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Tree to 25 m. Bark yellowish brown, fissured. Branchlets slender and greyish brown, pubescent. Leaves deciduous, 6–9 × 3–5 cm, oblong to ovate or lanceolate, both surfaces sparsely pubescent, particularly along the veins, eight to ten secondary veins on each side of the midrib, margins coarsely and irregularly double-serrate, apex acuminate; petiole 1–1.5 cm long, densely pubescent. Staminate catkins in clusters of two to eight, 2–6 cm long; pistillate flowers in clusters of two to four, bracts tubular, 2–5 cm long, apex lobed, densely covered in yellow tomentum. Nut 1–1.5 cm diameter, with greyish white pubescence on the apex. Flowering May to July, fruiting July to August (China). Li & Skvortsov 1999. Distribution CHINA: southern Gansu, Guizhou, Henan, Hubei, Jiangxi, southern Ningxia, Shaanxi, northeast Sichuan. Habitat Forest in mountain valleys between 800 and 3000 m asl. USDA Hardiness Zone 5 (or possibly lower). Conservation status Not evaluated. Illustration NT273, NT274.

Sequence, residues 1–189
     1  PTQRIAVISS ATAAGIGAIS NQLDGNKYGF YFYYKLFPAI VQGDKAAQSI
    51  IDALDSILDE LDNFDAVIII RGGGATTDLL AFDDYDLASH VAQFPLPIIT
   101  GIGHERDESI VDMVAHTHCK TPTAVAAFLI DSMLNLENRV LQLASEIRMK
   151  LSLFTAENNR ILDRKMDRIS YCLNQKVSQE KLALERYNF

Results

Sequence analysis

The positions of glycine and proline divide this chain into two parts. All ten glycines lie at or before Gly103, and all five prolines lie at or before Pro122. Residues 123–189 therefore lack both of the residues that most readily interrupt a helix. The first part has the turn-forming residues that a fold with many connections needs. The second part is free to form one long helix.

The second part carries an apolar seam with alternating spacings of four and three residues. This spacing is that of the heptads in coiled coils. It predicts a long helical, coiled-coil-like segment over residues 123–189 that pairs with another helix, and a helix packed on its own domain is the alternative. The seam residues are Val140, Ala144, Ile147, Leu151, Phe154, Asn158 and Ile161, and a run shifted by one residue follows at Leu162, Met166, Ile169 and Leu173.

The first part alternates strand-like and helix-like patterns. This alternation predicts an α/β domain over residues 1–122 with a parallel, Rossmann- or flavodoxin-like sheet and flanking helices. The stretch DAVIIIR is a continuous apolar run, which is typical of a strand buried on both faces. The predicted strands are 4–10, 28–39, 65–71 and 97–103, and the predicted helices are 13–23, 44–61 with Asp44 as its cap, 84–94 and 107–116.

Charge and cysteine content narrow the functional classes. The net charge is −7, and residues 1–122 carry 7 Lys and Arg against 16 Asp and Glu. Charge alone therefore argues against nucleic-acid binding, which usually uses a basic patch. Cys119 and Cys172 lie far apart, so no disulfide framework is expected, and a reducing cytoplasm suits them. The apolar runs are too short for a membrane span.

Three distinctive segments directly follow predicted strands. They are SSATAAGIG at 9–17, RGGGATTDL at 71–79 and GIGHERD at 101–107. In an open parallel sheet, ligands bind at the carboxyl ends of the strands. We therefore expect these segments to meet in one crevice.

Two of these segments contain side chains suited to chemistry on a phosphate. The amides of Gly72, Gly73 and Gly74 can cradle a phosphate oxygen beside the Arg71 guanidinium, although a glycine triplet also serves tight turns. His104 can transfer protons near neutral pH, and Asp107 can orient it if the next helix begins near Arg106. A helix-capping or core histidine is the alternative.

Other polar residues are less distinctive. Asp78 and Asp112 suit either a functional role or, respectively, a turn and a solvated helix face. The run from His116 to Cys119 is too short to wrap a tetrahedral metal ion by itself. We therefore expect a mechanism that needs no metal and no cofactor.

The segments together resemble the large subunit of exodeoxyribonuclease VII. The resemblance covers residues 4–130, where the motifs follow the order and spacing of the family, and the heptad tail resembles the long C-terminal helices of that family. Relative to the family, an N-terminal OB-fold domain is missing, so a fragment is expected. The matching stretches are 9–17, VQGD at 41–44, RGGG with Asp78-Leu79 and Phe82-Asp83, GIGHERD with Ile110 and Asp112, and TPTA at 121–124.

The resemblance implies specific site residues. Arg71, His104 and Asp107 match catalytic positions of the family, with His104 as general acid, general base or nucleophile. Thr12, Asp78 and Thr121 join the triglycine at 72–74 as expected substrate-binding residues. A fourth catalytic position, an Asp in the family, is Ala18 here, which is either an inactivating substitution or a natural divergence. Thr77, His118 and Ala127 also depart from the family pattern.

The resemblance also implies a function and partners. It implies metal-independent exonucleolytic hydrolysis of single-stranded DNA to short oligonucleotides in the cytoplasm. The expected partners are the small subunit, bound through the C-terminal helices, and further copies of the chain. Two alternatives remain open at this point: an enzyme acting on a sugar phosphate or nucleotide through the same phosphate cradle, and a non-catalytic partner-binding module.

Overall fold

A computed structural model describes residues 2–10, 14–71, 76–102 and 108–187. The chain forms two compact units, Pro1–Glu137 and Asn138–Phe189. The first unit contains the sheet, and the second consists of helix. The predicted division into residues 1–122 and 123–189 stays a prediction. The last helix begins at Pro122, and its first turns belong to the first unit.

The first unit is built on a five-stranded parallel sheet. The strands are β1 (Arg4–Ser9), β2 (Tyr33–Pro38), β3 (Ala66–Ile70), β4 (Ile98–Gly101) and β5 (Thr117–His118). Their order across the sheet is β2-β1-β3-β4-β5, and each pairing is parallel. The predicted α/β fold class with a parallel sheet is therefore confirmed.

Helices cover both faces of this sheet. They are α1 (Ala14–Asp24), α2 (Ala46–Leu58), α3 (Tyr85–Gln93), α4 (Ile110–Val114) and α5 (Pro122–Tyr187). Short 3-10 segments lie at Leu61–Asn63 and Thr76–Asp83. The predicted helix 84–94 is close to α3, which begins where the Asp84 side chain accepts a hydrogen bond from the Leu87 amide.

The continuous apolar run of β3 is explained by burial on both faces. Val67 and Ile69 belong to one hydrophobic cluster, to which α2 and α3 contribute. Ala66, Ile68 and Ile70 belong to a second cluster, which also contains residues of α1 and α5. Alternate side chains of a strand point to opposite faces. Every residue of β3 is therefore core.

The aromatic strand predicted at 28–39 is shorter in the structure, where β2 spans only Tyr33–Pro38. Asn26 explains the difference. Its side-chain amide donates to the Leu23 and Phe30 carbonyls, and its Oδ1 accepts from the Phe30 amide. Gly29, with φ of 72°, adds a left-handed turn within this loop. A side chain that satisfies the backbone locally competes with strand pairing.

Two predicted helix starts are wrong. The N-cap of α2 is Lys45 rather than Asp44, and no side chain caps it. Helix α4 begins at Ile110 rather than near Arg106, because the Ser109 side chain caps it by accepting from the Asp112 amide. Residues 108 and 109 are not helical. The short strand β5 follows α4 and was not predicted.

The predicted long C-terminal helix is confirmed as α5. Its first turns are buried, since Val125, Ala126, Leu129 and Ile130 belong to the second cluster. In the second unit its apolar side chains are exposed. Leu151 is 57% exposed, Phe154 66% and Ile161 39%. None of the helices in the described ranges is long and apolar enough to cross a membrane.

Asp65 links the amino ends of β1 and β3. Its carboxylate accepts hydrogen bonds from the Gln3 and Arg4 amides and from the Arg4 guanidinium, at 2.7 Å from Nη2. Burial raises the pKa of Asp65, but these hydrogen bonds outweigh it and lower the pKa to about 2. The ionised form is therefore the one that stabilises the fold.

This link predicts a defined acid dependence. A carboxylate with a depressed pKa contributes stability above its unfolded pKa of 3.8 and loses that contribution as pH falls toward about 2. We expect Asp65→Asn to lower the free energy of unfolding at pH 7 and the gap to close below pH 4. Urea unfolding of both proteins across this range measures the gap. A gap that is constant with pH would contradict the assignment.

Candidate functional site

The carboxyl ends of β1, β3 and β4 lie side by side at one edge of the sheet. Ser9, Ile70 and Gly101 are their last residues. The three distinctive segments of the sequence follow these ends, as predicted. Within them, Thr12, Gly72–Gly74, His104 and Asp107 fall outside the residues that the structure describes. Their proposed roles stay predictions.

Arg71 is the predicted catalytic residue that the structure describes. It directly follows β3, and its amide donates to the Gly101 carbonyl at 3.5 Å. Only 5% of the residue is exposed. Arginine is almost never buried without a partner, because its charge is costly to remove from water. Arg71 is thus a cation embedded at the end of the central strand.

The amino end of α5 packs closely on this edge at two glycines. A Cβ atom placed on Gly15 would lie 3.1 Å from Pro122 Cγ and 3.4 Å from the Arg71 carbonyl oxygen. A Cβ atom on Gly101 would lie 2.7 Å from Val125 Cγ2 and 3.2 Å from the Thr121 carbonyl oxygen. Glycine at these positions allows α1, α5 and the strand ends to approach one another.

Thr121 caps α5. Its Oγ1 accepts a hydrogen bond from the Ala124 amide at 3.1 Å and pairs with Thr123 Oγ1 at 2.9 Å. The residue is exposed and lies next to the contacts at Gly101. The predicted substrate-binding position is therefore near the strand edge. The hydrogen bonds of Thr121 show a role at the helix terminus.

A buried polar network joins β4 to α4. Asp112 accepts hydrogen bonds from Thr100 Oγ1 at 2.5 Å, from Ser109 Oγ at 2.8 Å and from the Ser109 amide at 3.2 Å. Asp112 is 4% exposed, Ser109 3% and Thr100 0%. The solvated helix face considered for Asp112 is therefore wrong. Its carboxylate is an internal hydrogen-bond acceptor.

Corylus fargesii is well established in several American arboreta from material collected by the NACPEC 1996 Shaanxi & Gansu Province China Expedition at Dang Chuan Forest Station in Gansu. Trees from this are doing particularly well at the Morris Arboretum, where they have reached 8 m after 10 years, growing on single stems. They have excellent bark patterning, exfoliating to reveal patches of copper and russet, and for this alone are most ornamental, rivalling ‘the most attractive birches’ (Aiello 2006). There are also good specimens at the US National Arboretum and at Morton Arboretum, so it seems to be able to cope with high summer temperatures and humidity as well as cold winters. Further seed was collected in 2005 by another NACPEC expedition (Aiello 2006), and research is ongoing to discover a reliable technique for vegetative propagation, to enable this desirable tree to be distributed more widely (Aiello 2006). It is now in cultivation in Europe (R. Lancaster, pers. comm. 2007), though its route of introduction is unknown.